The emerging literature on the globalization of real estate has addressed how internationally circulating capital has increasingly found its ways into housing markets of the "Global South". With relatively underdeveloped financial and real estate markets, these countries have discursively and materially been rebranded as emerging markets, that is, they have been shaped into frontiers in the global urbanization of capital. In this paper we scrutinize the transnational real estate networks that shape and reshape the Cuban housing market. First, we reconstruct how, following the 2011 legalization of housing prices set between buyers and sellers, Cuban migrants and a few foreign investors, in cooperation with Cubans residing in Cuba, are buying properties in Cuba's cities, beach resorts and other towns. Second, we explore the economic and extra-economic motives behind such transnational property transactions, highlighting how residential properties are bought and converted into private restaurants or hotels. Central to our analysis is that the present development is not simply shaped by local or national demand and processes but also by international investment. We contend that a pattern of economic globalization unfolds where transnational remittances, rather than institutional investments or mortgage finance, steer Cuba's emerging property market, along with local investments among Cuban citizens.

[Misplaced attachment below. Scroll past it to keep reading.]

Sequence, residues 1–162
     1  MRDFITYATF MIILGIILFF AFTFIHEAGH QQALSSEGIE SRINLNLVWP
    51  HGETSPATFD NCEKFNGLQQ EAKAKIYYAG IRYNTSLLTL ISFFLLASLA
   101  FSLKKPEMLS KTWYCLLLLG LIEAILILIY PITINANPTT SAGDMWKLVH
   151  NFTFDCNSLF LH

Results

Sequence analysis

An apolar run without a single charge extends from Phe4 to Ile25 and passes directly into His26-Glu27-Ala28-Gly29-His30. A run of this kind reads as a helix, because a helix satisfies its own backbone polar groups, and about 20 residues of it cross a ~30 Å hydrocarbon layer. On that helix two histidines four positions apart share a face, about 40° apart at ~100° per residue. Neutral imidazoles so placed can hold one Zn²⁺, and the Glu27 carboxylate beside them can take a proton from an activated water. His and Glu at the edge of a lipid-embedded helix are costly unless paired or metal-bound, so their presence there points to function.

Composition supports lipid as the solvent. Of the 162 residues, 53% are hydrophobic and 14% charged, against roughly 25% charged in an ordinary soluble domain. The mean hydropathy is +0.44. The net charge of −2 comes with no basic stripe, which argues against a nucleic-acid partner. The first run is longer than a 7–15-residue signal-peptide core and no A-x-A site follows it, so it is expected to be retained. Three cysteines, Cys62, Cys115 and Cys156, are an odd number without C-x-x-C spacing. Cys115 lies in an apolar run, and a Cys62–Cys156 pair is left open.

Original Publication Citation
Gertjan Wijburg , Manuel B. Aalbers & Federica Bono (2020): Cuban migrants and the making of Havana’s property market, Urban Geography, 1-26. https://doi.org/10.1080/02723638.2020.1774150
Wijburg, Gertjan; Aalbers, Manuel B.; and Bono, Federica, "Cuban Migrants and the Making of Havana's Property Market" (2020). Political Science & Geography Faculty Publications. 28.